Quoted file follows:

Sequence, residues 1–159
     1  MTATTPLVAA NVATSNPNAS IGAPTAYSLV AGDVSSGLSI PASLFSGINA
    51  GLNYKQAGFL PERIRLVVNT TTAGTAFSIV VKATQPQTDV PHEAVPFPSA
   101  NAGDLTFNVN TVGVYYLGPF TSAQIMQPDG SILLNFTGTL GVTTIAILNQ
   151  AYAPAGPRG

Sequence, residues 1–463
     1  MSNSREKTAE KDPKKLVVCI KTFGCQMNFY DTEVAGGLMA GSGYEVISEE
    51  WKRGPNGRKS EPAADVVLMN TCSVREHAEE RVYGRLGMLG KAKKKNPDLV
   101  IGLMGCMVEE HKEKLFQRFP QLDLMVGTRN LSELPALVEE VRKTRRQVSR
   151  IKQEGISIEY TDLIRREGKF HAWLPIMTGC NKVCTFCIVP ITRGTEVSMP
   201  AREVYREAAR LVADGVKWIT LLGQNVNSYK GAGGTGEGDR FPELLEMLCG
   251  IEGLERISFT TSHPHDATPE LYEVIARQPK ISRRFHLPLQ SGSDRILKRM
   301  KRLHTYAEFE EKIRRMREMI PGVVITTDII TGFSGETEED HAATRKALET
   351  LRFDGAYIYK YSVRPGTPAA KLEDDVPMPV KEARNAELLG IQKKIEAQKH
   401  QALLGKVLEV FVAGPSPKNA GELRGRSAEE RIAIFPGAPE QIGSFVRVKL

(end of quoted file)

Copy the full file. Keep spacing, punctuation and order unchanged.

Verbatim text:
Sequence, residues 1–159
     1  MTATTPLVAA NVATSNPNAS IGAPTAYSLV AGDVSSGLSI PASLFSGINA
    51  GLNYKQAGFL PERIRLVVNT TTAGTAFSIV VKATQPQTDV PHEAVPFPSA
   101  NAGDLTFNVN TVGVYYLGPF TSAQIMQPDG SILLNFTGTL GVTTIAILNQ
   151  AYAPAGPRG

Sequence, residues 1–463
     1  MSNSREKTAE KDPKKLVVCI KTFGCQMNFY DTEVAGGLMA GSGYEVISEE
    51  WKRGPNGRKS EPAADVVLMN TCSVREHAEE RVYGRLGMLG KAKKKNPDLV
   101  IGLMGCMVEE HKEKLFQRFP QLDLMVGTRN LSELPALVEE VRKTRRQVSR
   151  IKQEGISIEY TDLIRREGKF HAWLPIMTGC NKVCTFCIVP ITRGTEVSMP
   201  AREVYREAAR LVADGVKWIT LLGQNVNSYK GAGGTGEGDR FPELLEMLCG
   251  IEGLERISFT TSHPHDATPE LYEVIARQPK ISRRFHLPLQ SGSDRILKRM
   301  KRLHTYAEFE EKIRRMREMI PGVVITTDII TGFSGETEED HAATRKALET
   351  LRFDGAYIYK YSVRPGTPAA KLEDDVPMPV KEARNAELLG IQKKIEAQKH
   401  QALLGKVLEV FVAGPSPKNA GELRGRSAEE RIAIFPGAPE QIGSFVRVKL